Practical Karate: Learning to Hit Hard

Developing the ability to hit hard, reliably, and in a variety of situations, is a key practical karate skill. Being able to generate good power and hit hard is very useful in self-defense as well as in combative sports.

Simply said, the only way to learn to hit hard is to practice it. Therefore, impact training should be a key component in any practical karate program. “Air punching,” as is typically used during basics/kihon in most karate programs is invaluable in learning proper movement pattern and precision. However, air punching/kicking, etc. alone will not teach martial arts power generation.

There are many excellent impact training aids that we can use in out impact training. They include the makiwara (traditional karate striking post), boxing heavy bag, focus mitts, Thai pads and others. For a discussion of the benefits of different martial arts impact training equipment see this article.

The video below shows 4-step progression program for developing hard hitting power. Detailed explanations follow.

Step 1: Hit Stationary Targets

As good place to start is in developing our ability to hit hard against stationary targets. Focus on proper body dynamics – namely, hitting with your entire body and not just the limb. (This is a deep topic, see this article on power generation in karate and martial arts for a start.) Key step 1 components:

  1. Use proper body dynamics
  2. Practice a variety of techniques & combinations
  3. Utilize different aids, such as makiwara, heavy-bags, focus mitts and Thai pads

One of the common mistakes karate practitioners make when hitting is to get in a stance and then hit. This results in all the momentum of the movement stopping, rather than manifesting in the strike. A better way to think about stances is as transition points. For maximum power, the entire body should be in motion as we are making contact. As my students frequently hear me say (usually in a voice imitation of the fictional Sensei Miyagi from Karate Kid):

“Hit with whole body.”

The makiwara can be an indispensable aid in this step.

Step 2: Hit Moving Targets

Once we can hit stationary targets with precision and with good power, we can transition to hitting moving targets. Our goal is to be able to hit, with precision and with good power. Thai Pads with a skilled partner/holder are indispensable at this phase!

We can start cooperatively, and then move on to the partner moving uncooperatively, while we are trying to land strikes.  A few key points:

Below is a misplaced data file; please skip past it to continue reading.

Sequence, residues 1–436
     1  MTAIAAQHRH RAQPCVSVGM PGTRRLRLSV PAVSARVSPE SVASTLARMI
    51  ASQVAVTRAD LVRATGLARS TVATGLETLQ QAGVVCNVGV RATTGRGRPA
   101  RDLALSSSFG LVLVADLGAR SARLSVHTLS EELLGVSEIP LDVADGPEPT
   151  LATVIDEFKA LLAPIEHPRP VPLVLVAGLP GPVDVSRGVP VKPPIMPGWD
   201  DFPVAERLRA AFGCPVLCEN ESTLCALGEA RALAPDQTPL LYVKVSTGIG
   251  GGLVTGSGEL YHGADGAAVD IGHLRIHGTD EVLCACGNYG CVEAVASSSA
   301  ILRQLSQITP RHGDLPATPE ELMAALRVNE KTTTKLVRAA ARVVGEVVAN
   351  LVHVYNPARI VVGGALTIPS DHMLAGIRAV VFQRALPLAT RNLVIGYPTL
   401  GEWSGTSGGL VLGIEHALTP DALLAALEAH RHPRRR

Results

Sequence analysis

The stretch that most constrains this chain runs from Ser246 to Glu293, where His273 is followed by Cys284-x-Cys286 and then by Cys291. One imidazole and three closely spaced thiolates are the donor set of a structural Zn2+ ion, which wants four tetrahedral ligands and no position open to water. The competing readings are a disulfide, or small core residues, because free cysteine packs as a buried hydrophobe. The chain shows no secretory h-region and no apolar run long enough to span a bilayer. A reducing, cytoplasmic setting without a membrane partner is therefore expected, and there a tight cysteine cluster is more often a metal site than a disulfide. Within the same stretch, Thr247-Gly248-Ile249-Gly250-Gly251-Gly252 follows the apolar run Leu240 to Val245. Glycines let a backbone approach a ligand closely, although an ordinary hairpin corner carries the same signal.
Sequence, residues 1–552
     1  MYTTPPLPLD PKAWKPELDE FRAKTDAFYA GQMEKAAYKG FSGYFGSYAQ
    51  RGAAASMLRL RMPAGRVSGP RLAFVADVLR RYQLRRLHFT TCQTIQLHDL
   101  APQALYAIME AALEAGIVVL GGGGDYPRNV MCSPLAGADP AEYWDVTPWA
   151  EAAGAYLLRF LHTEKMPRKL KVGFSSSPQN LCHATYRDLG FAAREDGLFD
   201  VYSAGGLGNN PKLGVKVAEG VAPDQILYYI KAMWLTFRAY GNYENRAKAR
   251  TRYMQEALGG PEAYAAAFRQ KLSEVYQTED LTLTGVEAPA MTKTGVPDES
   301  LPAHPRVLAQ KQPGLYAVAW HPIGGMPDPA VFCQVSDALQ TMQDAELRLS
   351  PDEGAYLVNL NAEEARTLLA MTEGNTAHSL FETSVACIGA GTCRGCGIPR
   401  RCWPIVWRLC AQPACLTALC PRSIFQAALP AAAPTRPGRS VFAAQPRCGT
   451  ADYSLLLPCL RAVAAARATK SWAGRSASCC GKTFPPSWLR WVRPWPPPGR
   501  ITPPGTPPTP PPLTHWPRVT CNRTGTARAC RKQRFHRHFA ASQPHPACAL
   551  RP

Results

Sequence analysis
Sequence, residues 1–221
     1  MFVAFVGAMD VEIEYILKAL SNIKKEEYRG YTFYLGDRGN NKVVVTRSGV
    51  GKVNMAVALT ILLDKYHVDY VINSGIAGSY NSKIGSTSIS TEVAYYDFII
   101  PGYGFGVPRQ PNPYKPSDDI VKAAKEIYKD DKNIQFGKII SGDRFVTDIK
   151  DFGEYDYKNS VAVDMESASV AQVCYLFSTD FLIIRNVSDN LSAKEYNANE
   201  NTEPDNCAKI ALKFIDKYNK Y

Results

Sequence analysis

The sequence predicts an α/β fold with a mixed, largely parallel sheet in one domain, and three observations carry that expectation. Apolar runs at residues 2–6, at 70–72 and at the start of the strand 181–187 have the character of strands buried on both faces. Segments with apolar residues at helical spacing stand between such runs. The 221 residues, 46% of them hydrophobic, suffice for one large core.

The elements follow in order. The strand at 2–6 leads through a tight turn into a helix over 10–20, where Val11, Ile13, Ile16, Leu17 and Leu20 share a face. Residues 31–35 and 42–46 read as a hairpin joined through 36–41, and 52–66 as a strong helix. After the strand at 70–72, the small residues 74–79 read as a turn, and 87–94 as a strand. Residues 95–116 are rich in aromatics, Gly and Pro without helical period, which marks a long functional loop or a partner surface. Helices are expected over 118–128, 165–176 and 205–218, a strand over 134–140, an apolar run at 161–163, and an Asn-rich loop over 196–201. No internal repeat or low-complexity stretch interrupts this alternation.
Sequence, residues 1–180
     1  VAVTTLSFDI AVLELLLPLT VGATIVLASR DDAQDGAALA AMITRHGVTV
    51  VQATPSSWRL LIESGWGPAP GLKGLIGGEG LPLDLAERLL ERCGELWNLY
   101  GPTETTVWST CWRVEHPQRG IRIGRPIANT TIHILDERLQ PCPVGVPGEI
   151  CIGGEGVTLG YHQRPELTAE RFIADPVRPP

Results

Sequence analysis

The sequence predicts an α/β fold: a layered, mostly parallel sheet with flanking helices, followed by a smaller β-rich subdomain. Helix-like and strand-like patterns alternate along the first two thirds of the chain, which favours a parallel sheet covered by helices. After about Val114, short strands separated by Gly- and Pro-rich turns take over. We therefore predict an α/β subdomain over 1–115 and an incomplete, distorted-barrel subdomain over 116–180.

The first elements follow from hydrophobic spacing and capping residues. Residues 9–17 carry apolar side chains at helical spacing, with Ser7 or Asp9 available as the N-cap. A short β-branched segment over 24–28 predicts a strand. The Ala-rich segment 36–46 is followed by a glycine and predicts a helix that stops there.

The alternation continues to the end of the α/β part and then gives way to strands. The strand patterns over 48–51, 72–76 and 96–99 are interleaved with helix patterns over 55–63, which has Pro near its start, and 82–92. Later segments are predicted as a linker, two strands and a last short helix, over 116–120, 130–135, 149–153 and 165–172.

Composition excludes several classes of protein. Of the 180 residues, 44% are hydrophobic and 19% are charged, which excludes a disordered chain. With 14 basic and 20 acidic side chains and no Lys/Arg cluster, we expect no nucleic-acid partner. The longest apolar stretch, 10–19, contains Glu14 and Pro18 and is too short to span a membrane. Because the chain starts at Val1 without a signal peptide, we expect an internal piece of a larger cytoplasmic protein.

1. Start slow, and focus on proper body dynamics
  2. Work on maintaining your targeting precision!
  3. Practice a variety of techniques & combinations

Step 3: Learn to hit from Disadvantageous Positions

Disadvantageous positions are challenging because they do not allow you to use the full body motion we trained in steps 1 and 2.

Still, in many cases we may find ourselves in a disadvantageous, non-ideal position. This is especially true in self defense. We may be seated, on the ground, with our back to a wall or corner, or learning forward. Key points in learning to generate power from a non-ideal position are the following:

  1. Disadvantageous positions encumber movement
  2. Continue to employ proper power generation: use your large muscles and core and not just the limb; hit with your entire body; generate rotation torque; generate spinal whip; take advantage of gravity
  3. Practice different positions

The goal is to get to a point where you can hit hard regardless of the situation.

Step 4: Incorporate impact training in your Live Drills / Sparring

Of course, when we train with a partner we have to keep them safe. Full power impact training is not appropriate to be practiced on a partner. Still, we can incorporate full power impact training by alternating between partner live drills/sparring, and heavy impact work. Again, Thai pads are very useful.

Closing Comments

Developing the ability to hit hard, reliably, and in a variety of situations, is a key practical karate skill, and is invaluable in physical self-defense and in full contact combative sports. The 4-step training program above will help develop your striking power. Spend adequate time in each step, and remember that you can always improve by going back to basics and hitting stationary targets.

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